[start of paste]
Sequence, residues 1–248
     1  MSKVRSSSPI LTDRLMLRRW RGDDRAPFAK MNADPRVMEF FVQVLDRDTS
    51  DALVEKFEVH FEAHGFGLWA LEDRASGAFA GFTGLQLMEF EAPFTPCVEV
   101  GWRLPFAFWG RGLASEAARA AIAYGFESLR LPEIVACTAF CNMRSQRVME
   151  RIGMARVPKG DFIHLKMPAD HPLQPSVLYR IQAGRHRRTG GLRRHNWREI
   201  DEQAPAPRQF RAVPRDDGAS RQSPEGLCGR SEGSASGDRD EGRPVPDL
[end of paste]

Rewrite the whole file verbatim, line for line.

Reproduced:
Sequence, residues 1–248
     1  MSKVRSSSPI LTDRLMLRRW RGDDRAPFAK MNADPRVMEF FVQVLDRDTS
    51  DALVEKFEVH FEAHGFGLWA LEDRASGAFA GFTGLQLMEF EAPFTPCVEV
   101  GWRLPFAFWG RGLASEAARA AIAYGFESLR LPEIVACTAF CNMRSQRVME
   151  RIGMARVPKG DFIHLKMPAD HPLQPSVLYR IQAGRHRRTG GLRRHNWREI
   201  DEQAPAPRQF RAVPRDDGAS RQSPEGLCGR SEGSASGDRD EGRPVPDL